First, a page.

- Promoting competitive alternative agricultural marketing infrastructure through the involvement of private and cooperative sectors.
Since the scheme was linked to market reforms, the states which have amended the APMC Act to include private participation and contract farming are now eligible for availing the benefit of subsidy under the scheme. The state of Maharashtra being one of the leading states to adopt the new policy of Union government has amended its APMC act and the scheme is in operation since 5th September 2006. Some aspects of this scheme include: Grain units – godown, drying yard, site development and machinery; Milk unit- bulk coolers, combine harvesters and auction sheds.
Table 2: Geographical coverage of APMCs in Maharashtra:
|Sr. No||Particulars||Maharashtra||Per Market|
|1||Geographical area served (sq km)||3,08,000||340.70|
|2||Population served (Lakh)||1,000||1.11|
|3||No. of markets per district||25.83|
|4||No. of Local bodies covered per market||28,174||31.16|
|5||Villages and Towns||41,473||45.88|
Source: Director of Marketing (DOM), Pune.
Considering the geographical coverage of APMCs within the state (Table 2); as of 31st March 2011, 188 proposals having a financial outlay of Rs. 22,671.32 Lakh, bank loan of Rs. 14,191.68 Lakh and eligible subsidy of Rs. 4,692.61 Lakh were received from different banks by NABARD, Maharashtra Regional Office, Pune. In order to review the processes implemented by the APMCS of Maharashtra, a detailed study was conducted by NABARD (National Bank for Agriculture and Development).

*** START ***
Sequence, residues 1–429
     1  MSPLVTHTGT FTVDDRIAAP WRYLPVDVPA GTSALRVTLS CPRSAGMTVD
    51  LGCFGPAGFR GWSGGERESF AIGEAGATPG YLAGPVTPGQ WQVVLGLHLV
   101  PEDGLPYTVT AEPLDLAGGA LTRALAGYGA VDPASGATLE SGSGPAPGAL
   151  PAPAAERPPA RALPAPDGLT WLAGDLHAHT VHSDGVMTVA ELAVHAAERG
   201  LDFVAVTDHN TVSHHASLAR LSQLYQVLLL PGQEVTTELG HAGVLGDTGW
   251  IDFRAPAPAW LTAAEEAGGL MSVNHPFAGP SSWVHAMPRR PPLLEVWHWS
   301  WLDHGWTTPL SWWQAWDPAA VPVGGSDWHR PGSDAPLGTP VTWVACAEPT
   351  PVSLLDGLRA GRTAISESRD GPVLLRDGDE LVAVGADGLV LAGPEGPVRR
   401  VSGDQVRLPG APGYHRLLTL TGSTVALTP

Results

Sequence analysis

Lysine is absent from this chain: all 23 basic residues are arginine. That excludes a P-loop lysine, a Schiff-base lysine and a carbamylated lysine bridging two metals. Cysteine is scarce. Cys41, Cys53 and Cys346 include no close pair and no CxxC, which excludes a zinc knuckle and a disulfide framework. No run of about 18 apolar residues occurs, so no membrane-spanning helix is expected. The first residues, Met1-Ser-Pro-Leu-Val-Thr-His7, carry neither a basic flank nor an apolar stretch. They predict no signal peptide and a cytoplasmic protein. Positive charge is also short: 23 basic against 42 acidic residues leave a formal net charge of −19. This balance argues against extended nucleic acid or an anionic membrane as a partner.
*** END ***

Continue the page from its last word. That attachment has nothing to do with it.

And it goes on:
Progressing to the second objective of this report, we begin by analysing the alternative popular marketing channel which is growing in conjunction with the conventional APMC set up i.e. Shetkari Bazars. The Farmer’s Market (Shetkari Bazar) is an idea of marketing the agrarian produce directly to consumers by producers (farmers). By excluding the intermediaries who in the model appear to be an inflationary force, the agrarian produce reaches its destination in good condition due to minimal in between handlers. As a result, this method leads to better price realization for the farmers and also quality produce reaches the consumers at far lower lower price levels. This format of conducting agricultural marketing has previously been enforced in Andhra Pradesh (which was called Raithu Bazar). This format is meant to assist small scale farmer producers (with fewer quantities of fragile vegetables and fruits) to secure better price levels thereby escaping commercial exploitation in the market yard by Dalals.